Unpublished studies by Suskind, however, indicate the fallacy of this statement. No workers except those having chloracne were ever examined by Suskind or included in his study. In other words, if no workers without chloracne were ever examined for other health effects, there is no basis for asserting that chloracne was "the hallmark of dioxin intoxication". These conclusions have been repeatedly utilised by EPA, the Veterans Administration, etc., to deny any causation by dioxin of health effects of exposed citizens, if these persons did not exhibit chloracne.


Fraud • Stealth • Hype

Dr. Suskind also covered up the documented neurological damage from dioxin exposures. At Workers Compensation hearings, Suskind denied that the workers experienced any neurological health effects. In the Kemner,

et al. v. Monsanto proceedings, however, it was revealed that Suskind had in his possession at the time examinations of the workers by Monsanto's physician, Dr. Nestman, documenting neurological health effects.

Dioxin Contamination of Monsanto Products Monsanto covered up the dioxin contamination of a wide range of its products. Monsanto either failed to report contamination, substituted false information purporting to show no contamination, or submitted samples to the government for analysis which had been specially prepared so that dioxin contamination did not exist.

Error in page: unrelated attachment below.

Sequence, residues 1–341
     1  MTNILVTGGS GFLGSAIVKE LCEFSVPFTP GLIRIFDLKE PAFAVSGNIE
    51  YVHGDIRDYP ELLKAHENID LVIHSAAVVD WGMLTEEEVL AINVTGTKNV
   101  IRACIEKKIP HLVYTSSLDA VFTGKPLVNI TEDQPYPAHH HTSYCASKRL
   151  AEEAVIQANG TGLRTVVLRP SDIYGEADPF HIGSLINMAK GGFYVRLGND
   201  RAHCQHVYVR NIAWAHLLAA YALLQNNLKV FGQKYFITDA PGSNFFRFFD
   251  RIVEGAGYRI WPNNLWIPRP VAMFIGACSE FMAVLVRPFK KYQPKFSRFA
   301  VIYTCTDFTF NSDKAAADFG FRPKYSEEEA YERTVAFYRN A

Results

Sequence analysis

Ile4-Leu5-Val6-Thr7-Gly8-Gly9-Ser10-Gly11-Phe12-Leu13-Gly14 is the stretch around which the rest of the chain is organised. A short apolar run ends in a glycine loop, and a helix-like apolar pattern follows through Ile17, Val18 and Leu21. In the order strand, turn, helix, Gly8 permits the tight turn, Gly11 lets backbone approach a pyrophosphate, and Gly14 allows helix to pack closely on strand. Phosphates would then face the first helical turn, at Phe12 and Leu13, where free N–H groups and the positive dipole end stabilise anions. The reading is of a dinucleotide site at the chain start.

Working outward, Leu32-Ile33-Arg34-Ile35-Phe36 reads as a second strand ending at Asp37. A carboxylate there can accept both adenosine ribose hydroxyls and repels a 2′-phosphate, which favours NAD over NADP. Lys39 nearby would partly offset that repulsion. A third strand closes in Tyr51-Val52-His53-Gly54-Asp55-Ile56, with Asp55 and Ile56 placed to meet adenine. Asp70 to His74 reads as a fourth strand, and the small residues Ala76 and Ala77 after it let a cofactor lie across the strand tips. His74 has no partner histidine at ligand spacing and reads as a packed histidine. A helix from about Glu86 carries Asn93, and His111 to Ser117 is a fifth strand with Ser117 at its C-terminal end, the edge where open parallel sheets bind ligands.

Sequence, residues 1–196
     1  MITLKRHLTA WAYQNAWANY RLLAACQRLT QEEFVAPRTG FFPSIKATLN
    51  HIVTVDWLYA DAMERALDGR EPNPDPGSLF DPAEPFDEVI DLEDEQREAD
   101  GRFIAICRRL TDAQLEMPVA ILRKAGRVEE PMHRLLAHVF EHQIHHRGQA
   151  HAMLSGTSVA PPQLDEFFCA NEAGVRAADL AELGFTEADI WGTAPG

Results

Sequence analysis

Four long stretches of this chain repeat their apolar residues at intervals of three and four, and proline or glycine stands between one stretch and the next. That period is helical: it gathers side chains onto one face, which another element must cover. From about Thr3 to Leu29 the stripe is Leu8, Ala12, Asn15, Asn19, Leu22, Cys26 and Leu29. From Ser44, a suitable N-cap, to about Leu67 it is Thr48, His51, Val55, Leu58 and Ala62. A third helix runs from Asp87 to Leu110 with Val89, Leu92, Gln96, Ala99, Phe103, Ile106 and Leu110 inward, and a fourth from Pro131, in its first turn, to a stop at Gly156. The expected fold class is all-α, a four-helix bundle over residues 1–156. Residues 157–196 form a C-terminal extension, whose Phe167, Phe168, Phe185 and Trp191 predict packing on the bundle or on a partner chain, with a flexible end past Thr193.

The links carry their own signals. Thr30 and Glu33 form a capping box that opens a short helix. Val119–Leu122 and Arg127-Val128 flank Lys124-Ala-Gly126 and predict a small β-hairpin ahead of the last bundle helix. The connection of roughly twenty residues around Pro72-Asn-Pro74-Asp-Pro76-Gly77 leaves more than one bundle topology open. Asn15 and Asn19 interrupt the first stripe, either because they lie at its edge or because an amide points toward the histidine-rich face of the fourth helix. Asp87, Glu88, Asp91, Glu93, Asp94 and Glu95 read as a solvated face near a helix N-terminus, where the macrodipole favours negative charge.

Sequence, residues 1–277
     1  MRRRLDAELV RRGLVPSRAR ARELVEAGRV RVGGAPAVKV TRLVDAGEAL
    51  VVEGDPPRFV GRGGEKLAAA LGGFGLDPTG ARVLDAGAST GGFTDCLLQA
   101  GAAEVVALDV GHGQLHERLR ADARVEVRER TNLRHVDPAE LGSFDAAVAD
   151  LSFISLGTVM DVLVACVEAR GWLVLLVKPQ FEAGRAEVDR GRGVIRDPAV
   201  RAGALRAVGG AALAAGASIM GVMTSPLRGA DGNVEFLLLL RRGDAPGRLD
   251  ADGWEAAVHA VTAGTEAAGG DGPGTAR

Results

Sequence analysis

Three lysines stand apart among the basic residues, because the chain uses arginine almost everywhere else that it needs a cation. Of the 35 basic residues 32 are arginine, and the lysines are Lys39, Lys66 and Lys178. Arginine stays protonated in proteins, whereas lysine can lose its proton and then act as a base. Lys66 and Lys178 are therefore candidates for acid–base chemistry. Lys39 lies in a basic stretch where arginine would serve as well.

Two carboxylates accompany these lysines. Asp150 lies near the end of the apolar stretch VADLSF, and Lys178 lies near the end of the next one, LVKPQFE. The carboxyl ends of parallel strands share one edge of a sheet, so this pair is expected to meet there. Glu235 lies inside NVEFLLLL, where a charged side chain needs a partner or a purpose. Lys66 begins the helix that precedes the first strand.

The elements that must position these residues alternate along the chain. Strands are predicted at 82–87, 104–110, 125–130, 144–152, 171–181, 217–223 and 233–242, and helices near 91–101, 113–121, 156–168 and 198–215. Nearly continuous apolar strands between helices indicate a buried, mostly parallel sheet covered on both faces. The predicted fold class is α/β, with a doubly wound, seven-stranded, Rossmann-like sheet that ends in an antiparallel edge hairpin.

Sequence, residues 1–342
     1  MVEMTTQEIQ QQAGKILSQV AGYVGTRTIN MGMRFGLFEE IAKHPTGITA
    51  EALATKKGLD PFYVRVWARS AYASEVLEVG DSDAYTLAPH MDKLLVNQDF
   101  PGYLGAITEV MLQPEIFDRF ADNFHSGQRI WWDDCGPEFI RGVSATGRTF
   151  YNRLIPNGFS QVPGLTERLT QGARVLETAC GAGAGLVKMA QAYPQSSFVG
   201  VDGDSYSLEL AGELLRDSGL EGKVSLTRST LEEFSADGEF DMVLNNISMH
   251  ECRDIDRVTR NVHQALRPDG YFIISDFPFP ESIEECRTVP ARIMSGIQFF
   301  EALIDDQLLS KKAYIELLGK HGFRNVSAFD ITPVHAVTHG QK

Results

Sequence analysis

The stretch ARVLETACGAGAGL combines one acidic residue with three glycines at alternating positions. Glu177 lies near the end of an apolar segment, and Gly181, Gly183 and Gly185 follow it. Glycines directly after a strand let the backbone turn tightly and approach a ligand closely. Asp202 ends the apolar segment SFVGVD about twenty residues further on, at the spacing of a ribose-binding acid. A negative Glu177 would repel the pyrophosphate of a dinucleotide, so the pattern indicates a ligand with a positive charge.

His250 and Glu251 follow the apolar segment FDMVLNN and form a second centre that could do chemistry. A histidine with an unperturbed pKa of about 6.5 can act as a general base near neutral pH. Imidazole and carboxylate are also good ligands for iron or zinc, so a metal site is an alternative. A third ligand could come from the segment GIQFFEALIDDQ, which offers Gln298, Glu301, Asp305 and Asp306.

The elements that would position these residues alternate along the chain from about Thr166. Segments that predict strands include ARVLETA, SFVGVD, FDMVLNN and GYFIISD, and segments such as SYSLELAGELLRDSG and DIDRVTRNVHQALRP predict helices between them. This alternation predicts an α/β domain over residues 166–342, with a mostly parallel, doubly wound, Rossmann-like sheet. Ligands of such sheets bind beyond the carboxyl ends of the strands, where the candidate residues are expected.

Another Monsanto study involved independent medical examinations of surviving employees by Monsanto physicians. Several hundred former Monsanto employees were too ill to travel to participate in the study. Monsanto refused to use the attending physicians' reports of the illness as part of their study, saying that it would introduce inconsistencies. Thus, any critically ill dioxin-exposed workers with cancers such as non-Hodgkin's lymphoma (associated with dioxin exposures) were conveniently excluded from the Monsanto study.

The earliest-known effort by Monsanto to cover up dioxin contamination of its products involved the herbicide used in Vietnam, Agent Orange. Available internal Monsanto correspondence in the 1960s shows a knowledge of this contamination and the fact that the dioxin contaminant was responsible for kidney and liver damage, as well as the skin condition chloracne.